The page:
PLF’s challenge to “For Sale” sign ban makes waves
PLF’s lawsuit challenging the City of Alexandria’s ban on “For Sale” signs in parked cars is creating a big response from the media and the City itself. As our readers recall, our client, Scott McLean received a parking ticket a few years ago for placing a “For Sale” sign in his car while it was parked on a residential street near his home. Now he would like to sell his truck, but he doesn’t want the City to fine him again. The Washington Post put it this way:
Rather than risking another citation, he called the Sacramento, Calif.-based Pacific Legal Foundation, a libertarian organization that can’t stand when the government seems to be encroaching on individual liberties.
“I can put a bumper sticker on my vehicle about my religious views and moral views,” said McLean, 35, and an attorney in his own right. “Those pocketbook issues are just as important. For me, free speech doesn’t have any qualifiers.”
Last week, McLean and the foundation filed a lawsuit against the Alexandria government, calling the city’s decades-old no-sale-sign statute an arbitrary ban on commercial speech that violates the First Amendment.
A DC-area affiliate of CBS news also picked up on the story, with new anchors commenting that the City’s law should go in the “Whhhaaattt? File,” because the ban is surprising and “crazy.”
The City of Alexandria must be getting the message. Last night, it announced a moratorium on enforcing the law:
The City of Alexandria has suspended citations for parking violations associated with displaying a “for sale” sign on a vehicle parked on a public street. . . . While the [City’s] review [of the sign ordinance] is pending, the City has determined that it is in the best interest of the public to suspend enforcement of the ordinance. Accordingly, vehicles displaying “for sale” signs on public streets will not be ticketed until further notice.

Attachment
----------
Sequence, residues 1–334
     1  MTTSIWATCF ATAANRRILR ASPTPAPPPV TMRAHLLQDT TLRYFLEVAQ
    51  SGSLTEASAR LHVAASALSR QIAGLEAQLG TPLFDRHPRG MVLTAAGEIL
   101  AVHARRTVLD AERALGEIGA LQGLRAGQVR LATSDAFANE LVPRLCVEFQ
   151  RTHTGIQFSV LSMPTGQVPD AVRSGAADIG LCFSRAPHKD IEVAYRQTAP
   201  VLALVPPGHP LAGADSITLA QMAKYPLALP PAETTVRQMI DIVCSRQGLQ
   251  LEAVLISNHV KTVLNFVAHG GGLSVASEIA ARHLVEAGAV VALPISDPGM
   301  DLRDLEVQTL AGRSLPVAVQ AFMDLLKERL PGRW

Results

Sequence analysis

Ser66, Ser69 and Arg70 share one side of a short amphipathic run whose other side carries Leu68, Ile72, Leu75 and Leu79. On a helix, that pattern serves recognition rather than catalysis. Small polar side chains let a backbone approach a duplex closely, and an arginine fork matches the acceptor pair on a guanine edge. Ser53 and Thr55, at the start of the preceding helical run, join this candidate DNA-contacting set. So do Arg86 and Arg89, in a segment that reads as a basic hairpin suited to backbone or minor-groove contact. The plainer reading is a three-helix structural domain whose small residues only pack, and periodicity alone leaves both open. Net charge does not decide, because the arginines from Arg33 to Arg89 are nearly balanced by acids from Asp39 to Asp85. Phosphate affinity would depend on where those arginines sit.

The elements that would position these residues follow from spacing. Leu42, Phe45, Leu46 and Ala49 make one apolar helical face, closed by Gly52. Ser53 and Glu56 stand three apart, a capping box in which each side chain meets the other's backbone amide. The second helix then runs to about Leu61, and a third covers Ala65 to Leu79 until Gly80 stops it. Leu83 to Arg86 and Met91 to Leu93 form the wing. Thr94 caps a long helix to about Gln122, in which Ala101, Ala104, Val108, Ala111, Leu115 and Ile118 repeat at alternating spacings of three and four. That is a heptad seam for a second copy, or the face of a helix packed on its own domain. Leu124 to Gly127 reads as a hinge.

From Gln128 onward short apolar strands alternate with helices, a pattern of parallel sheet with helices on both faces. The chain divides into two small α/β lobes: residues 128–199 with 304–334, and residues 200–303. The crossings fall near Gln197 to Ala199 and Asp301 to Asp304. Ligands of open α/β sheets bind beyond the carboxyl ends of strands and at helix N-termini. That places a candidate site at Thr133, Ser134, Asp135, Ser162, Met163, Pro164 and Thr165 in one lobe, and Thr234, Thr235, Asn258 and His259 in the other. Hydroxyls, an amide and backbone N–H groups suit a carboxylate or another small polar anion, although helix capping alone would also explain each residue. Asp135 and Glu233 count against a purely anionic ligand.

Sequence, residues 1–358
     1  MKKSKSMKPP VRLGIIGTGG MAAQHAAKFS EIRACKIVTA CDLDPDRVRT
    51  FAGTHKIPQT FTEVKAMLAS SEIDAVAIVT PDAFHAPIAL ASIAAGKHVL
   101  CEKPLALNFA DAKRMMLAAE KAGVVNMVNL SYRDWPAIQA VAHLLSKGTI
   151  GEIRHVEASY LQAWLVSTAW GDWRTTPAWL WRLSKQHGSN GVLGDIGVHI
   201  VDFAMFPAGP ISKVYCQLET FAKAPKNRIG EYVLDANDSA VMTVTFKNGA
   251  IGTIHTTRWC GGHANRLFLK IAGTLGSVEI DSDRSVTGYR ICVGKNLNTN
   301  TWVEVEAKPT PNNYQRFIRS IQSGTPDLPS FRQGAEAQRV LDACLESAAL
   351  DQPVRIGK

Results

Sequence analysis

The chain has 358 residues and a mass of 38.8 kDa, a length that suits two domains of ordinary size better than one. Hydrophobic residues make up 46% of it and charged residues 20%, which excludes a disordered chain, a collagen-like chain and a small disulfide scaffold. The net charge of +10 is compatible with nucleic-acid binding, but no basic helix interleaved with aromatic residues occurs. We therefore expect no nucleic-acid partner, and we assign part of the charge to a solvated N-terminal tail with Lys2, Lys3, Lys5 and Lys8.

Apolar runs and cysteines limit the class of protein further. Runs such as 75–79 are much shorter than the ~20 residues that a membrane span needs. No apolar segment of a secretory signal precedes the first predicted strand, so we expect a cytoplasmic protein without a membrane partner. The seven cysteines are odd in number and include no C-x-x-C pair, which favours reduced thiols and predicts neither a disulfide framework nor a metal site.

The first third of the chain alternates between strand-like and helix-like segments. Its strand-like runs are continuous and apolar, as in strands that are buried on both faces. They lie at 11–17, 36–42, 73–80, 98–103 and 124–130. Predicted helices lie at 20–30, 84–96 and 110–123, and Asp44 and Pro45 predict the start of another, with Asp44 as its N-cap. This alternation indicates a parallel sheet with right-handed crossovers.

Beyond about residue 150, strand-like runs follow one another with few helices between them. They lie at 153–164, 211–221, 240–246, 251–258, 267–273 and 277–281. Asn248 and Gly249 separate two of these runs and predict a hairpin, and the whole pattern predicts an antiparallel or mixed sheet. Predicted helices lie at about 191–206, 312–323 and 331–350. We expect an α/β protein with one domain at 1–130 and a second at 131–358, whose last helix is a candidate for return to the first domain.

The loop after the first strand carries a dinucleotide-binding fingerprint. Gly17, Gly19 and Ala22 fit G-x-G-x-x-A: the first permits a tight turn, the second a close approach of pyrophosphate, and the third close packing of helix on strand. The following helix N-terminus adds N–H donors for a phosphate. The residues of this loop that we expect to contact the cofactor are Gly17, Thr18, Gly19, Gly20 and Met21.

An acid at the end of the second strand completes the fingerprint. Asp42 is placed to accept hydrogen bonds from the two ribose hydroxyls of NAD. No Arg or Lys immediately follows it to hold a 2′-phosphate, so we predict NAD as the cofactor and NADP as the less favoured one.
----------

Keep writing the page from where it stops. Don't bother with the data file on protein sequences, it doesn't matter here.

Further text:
While a suspension is a nice start, the City should admit that the sign ban is unconstitutional and repeal it. In the meantime, PLF plans to move forward with our lawsuit until we vindicate the First Amendment rights of Scott McLean (and the everyone who lives or visits Alexandria).
What to read next
PLF asks the U.S. Supreme Court to rule that there is no “legislative exception” to the unconstitutional conditions doctrine
It seems that some governments and courts prefer to treat Supreme Court precedent as an option, rather than a requirement. The Supreme Court has ruled—twice—that it’s unconstitutional for government to … ›